1. Get the candidates to bring someone from their social bubble
This enables the rescues to be carried out, which would otherwise be impossible during social distancing.
It’s also a great opportunity to rethink the rescues that would work with Government guidelines. We had fusions and a speeder on the course and it was interesting how distancing can be created with longer boats. Obvious you would think, but I was dubious how stable the extended raft would be to put someone back in their craft, when being used by less experienced people.
This also means there is a genuine mixed craft group ready, removing the need to find ‘paddlesports guinea pigs'! This reduced the number of households involved and the environmental impact, as people travelled in pairs. I’ll be making this standard practice in the future, Covid restrictions or not!
2. Send the Covid-19 Risk Assessment ahead of the course
This can then be easily referred to at the start or throughout the course, as necessary.
3. Ensuring the candidates follow social distancing
There are 2 types of people - those who follow the Government guidelines and those who do not. The first ones are easy and the latter need regular reminding. My brief at the start of the second day of the Paddlesport Leader was 'Let’s make sure we respect everyone’s standpoint on Covid-19 but as professional Leaders or Coaches, it is our duty to follow Government guidelines and set the right example, no matter our standpoint'.
4. Swapping of craft
Any swapping of craft was started or finished immediately with hand sanitising and cleaning of the craft with disinfectant spray. My top tip would be to get a big hand cleaner dispenser to leave bank-side for folk to use, as I relied on each person having their own which they kept in their BA. This would speed things up a lot, rather than folk undoing their BA, getting the sanitiser out, applying it, putting it back in and then zipping back up.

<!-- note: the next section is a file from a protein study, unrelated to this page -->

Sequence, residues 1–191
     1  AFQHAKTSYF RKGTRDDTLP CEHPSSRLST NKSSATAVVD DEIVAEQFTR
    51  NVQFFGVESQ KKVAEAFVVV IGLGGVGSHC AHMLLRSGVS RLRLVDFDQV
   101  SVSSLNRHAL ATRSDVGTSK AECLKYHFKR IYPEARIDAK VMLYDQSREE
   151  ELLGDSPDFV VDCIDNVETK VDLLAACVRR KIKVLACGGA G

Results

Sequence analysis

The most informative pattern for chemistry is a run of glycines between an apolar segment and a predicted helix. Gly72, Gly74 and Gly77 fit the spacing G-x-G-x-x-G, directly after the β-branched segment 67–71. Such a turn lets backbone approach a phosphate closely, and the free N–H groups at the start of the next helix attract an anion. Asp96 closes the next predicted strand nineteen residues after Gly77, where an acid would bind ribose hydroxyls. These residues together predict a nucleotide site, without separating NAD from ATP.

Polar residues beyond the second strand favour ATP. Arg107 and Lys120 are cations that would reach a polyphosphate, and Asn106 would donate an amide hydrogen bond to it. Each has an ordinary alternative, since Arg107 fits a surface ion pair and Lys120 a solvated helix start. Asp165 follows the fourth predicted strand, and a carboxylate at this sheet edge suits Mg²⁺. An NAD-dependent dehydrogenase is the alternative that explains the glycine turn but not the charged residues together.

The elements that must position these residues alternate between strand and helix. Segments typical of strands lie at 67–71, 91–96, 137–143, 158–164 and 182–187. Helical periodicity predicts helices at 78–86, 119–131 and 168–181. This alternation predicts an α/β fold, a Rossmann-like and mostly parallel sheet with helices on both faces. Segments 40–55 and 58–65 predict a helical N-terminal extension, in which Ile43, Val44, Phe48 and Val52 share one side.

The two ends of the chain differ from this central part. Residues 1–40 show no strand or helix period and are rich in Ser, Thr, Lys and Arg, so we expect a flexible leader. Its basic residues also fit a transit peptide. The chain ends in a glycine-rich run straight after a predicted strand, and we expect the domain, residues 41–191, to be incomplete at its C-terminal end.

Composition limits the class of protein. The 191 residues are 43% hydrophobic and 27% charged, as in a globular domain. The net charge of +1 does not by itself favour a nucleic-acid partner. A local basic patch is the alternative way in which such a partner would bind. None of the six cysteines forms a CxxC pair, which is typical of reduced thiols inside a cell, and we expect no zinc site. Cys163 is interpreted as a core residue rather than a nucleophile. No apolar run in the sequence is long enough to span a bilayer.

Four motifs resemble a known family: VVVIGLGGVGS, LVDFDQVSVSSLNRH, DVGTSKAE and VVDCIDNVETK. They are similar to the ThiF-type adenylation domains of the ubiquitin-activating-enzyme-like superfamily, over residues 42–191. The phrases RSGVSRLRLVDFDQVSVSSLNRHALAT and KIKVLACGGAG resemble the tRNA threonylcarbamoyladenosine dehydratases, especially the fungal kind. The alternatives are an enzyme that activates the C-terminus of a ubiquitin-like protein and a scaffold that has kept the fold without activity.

5. Have a set of equipment for each pair
Although it’s a big ask, having a set of equipment for use by each pair worked really well. A set of boats, throwlines, tapes, karabiners, etc. I am lucky in having that facility at Montford Bridge. Otherwise I intend to have a disinfectant spray per pair in the future as well. I’m also going to get some 'mine tape' to make areas that each set of equipment is returned to and number equipment to avoid it being mixed up.
6. Cleaning your equipment
All the throwlines and tapes used for the course are currently outside drying and will be left there for 72 hours before being used again. Other hard equipment has already been sanitised.
7. Use of the British Canoeing videos on the joining instructions sped things up!
8. Follow up reminders
Don’t forget to send an email out to all course participants reminding them of the need to contact you, should they display symptoms or be diagnosed with Covid-19 within the next 2 weeks, so that you can contact the rest of the group.
Click here to read the latest British Canoeing Covid-19 guidance. If you would like further advice about running courses within the current Government Guidelines, please contact your National Association.